The researchers take these two main theories, naïve theories of altruism and emotion perception, to form a meta-theory that they test. This meta-theory involves three main predictions. First, when a donor’s emotion towards a cause motivates his prosocial action, most people will conclude that he genuinely cares about the cause. Second, individuals will expect that those who feel emotional toward a cause will receive emotional benefits as a result of performing a good deed. Finally, they predict that when the level of emotional benefits is specified, rather than the overall level of emotion towards a cause, emotion will have a similar positive effect on judgements of authentic prosocial motivation and moral character. (Barasch et al., 2014)
In order to test this meta-theory, Barasch and her colleagues conducted a series of six tests. The first three of these tests examined the emotional perceptions that motivate prosocial behaviour. Study 1 investigated a wide range of two primary emotions, distress and empathy, in order to test the causal relationships between emotion-driven social behaviour and judgements of moral character, altruistic motivation, and emotional benefits. It was found that greater emotion, be it selfish or selfless, would result in a higher moral rating. Study 2 investigated which emotion, distress (selfish emotion) or empathy (altruistic, selfless emotion) would result in a high moral character. Surprisingly, the high distress people were perceived as having a higher moral character than any other condition; this may be because they also experience high empathy, but they have the need to relieve their personal feelings more quickly than others. Study 3 contrasted moral inferences of non-emotion-driven prosocial behaviour, which was expressed by getting a material reward, with emotion-driven prosocial behaviour. This study found that donors who were emotionally driven by distress were perceived as the most moral, whereas donors driven by material rewards were the least moral (Barasch et al., 2014).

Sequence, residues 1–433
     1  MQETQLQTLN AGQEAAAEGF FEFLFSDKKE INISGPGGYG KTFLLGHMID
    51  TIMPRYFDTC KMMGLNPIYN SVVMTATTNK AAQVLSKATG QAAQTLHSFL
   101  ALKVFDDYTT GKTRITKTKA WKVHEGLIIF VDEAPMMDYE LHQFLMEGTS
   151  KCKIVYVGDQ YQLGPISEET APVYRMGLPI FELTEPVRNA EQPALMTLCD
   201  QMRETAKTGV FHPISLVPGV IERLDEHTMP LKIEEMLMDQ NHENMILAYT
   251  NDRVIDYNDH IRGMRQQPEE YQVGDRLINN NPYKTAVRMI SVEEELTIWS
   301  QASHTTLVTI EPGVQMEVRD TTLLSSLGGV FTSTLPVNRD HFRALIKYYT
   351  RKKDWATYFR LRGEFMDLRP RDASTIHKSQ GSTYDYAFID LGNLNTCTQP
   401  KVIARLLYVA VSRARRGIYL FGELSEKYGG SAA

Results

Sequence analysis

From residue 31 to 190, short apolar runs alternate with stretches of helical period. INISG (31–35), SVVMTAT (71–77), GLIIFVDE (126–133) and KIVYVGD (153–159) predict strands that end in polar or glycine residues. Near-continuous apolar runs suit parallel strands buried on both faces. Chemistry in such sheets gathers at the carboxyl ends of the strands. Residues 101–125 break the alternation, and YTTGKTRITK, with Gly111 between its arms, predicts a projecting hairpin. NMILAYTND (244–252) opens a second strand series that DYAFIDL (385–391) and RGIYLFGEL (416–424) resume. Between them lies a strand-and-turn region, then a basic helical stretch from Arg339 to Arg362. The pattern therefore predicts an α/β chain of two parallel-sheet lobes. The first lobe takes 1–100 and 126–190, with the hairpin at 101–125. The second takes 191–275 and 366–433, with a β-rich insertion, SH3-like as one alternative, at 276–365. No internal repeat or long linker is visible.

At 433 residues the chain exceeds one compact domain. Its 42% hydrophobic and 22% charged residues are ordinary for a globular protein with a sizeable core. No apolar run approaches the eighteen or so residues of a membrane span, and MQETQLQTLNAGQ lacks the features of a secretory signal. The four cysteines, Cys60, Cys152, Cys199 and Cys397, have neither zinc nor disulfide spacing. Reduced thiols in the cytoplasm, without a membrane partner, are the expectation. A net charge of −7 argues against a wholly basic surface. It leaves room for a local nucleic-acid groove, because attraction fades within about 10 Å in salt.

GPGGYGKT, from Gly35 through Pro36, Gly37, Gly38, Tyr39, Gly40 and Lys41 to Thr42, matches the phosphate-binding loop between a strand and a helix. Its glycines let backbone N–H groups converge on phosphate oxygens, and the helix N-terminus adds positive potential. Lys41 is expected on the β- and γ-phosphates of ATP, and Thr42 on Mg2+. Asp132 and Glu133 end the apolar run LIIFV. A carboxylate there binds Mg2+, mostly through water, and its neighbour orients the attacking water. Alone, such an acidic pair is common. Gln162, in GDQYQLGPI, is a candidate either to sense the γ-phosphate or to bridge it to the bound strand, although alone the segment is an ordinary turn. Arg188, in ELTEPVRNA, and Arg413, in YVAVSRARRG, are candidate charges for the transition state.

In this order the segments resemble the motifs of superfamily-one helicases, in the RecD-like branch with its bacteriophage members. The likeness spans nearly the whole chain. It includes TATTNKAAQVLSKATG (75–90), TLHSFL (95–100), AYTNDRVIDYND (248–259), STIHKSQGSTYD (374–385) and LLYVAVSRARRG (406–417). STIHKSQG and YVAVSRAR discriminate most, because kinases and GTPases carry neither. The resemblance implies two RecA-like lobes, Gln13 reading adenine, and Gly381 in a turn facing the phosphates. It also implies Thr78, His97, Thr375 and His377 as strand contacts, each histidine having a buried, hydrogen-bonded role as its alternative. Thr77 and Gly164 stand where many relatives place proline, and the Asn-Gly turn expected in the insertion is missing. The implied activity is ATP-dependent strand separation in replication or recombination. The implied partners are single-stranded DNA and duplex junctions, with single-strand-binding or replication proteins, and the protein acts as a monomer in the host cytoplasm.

The last three studies took the effects of Studies 1-3 and added emotional benefits to each; these studies examine perceptions of prosocial actors who feel positive emotion in response to doing a good deed. Study 4 conceptually replicated Study 1, but the participants learned of the extent to which donors experienced emotional benefits. This study found that the experience of emotional benefits signals a higher moral character. Study 5 investigated if high distress would still be more moral than high empathy when donors experienced emotional benefits; this finding was upheld, and that people who felt happy after donating were perceived as moral, and those who did not were perceived as immoral. Study 6 looked into whether expecting emotional benefits had a negative impact on perceived moral character. This result was mixed. If the donor expected a material or social reward, then they were perceived as less moral; if the donor expected an emotional reward, then they were perceived as more moral. (Barasch et al., 2014)
As tested by Barasch et al. (2014), altruism and high morality can exist with emotion-driven behaviour. Personality-wise, a person with relatively stable emotions, or low in neuroticism, should be perceived as more moral and more altruistic than someone who is high in neuroticism. “Emotion signals moral character,” (Barasch et al., 2014).
Barasch, A., Levine, E. E., Berman, J. Z., & Small, D. A. (2014). Selfish or selfless? On the signal value of emotion in altruistic behavior. Journal of Personality and Social Psychology, 107(3), 393-413.